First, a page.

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Unions 2000 Wednesday, 2 August, 2000, 17:47 GMT 18:47 UK
Paedophile warning over child carers
Questions have been raised over vetting procedures
Childcare professionals have repeated a warning that paedophiles could gain access to children as a result of the government's drive to recruit more carers.

The Professional Association of Nursery Nurses (PANN) said the Early Years Minister, Margaret Hodge, had refused to bring in mandatory police checks for childcare workers, despite her massive recruitment drive.

The advertising campaign for 83,000 more childcare workers could act as a beacon for people who preyed on children, said PANN's professional officer, Tricia Pritchard.

The government's recruitment literature said: "We want people who like children, enjoy spending time and learning with them" and "If you have had some experience of looking after children, so much the better, but it's not essential."

Mrs Pritchard repeated a warning she gave in an interview with BBC News Online when the recruitment strategy was announced last month: "They are saying anybody can work with children, they just have to love kids. Well, paedophiles love kids."


But a spokeswoman for the Department for Education and Employment said: "This is nonsense - we are obviously not trying to attract people off the street.

"The booklet is designed to be a source of information and an introduction to a career in childcare."

The suggestions by PANN annoy the department especially because it is keen to attract more men into childcare work.

Mrs Pritchard said she had been trying for the last two years to get Mrs Hodge to regulate nannies, without success.

"She isn't persuaded, I'm afraid, that children are at risk," she said.

"Children in their own home are particularly vulnerable."

Even though most nannies were female, it was a "total myth" that women did not abuse children, both sexually and physically.

"I am afraid it will take another horror story to happen here before something is done," Mrs Pritchard said.

Change of heart

Labour had supported regulating nannies when in Opposition but the Better Regulation Task Force advised against it and the new government accepted its findings, Mrs Pritchard said.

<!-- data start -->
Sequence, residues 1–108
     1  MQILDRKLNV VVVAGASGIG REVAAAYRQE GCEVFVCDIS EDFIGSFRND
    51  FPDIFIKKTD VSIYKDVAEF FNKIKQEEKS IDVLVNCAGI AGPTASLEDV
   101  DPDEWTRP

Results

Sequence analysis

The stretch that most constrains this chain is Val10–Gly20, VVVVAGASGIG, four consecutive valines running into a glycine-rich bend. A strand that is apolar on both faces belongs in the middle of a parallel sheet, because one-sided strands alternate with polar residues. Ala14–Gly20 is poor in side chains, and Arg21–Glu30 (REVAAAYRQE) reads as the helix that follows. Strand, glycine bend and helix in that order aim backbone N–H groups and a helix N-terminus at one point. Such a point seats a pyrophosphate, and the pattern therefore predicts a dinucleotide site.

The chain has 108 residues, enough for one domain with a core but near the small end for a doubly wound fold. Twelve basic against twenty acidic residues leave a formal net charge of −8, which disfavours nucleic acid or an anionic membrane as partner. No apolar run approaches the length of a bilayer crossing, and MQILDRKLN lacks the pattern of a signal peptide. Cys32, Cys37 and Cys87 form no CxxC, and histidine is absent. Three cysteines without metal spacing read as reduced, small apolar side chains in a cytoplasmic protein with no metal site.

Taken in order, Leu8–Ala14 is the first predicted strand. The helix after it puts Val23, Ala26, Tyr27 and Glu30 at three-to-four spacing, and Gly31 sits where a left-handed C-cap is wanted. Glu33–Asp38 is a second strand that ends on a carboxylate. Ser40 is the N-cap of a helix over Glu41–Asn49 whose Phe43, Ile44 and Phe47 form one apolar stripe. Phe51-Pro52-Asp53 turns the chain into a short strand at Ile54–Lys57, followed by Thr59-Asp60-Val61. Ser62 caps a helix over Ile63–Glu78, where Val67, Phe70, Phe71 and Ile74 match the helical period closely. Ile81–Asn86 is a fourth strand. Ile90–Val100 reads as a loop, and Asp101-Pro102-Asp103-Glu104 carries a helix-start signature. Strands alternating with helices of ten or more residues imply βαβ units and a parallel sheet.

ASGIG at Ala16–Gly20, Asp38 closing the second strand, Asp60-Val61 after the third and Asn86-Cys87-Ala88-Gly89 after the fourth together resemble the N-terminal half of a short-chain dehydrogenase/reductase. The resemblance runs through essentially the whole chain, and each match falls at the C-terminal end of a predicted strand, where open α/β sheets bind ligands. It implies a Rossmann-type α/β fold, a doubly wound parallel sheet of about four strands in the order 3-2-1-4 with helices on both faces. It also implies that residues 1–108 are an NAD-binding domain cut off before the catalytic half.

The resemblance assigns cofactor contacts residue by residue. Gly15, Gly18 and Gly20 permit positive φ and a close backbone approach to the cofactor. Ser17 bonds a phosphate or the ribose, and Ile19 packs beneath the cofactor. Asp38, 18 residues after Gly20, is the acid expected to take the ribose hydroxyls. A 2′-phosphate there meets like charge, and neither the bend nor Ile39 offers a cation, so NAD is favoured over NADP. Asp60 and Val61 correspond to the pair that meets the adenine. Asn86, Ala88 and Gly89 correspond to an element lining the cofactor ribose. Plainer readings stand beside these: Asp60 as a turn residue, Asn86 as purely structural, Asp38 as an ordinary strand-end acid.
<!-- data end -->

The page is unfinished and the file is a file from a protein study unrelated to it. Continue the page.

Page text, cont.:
"We are going to be reminding them of this coming up to the next General Election."

Last week, official statistics showed a sharp drop in the number of registered childminders, all of whom have to undergo training and police checks, from 98,500 to 75,000.

Since 1997, the number of places for children in summer schools has mushroomed from 209,000 to 485,000.

Even though they may be based in schools, many of those are privately run and staffed by volunteers who do not have to comply with any kind of regulation, Mrs Pritchard said.

"They can be absolutely anybody."

As nannies were unregulated, the best parents could do when they discovered malpractice was to sack them but there should be a central register and an inspectorate to enforce the rules, Mrs Pritchard stressed.


Mrs Hodge said PANN was "scare-mongering". She said the government was taking pains to protect children.

But she did not dispute Mrs Pritchard's assertion that the government had refused to regulate nannies or privately run after-school and summer holiday clubs.

"It is a complete nonsense for any organisation that claims to represent the interests of children to criticise the government for trying to recruit new people to work in childcare," Mrs Hodge declared.

"Of course new recruits will be thoroughly checked and properly vetted to ensure that they are appropriate to work with children.

"There has been absolutely no suggestion by government or any other organisation that they will not be.

"To run a scare-mongering campaign suggesting we are dropping our recruitment standards is plainly wrong."

The government is setting up a "one stop shop" system that would enable cheks on the suitability of people to work with children to be made more easily - but that has been postponed by the Home Office.

See also:

04 Jul 00 | UK Education
10 Jul 00 | UK Education
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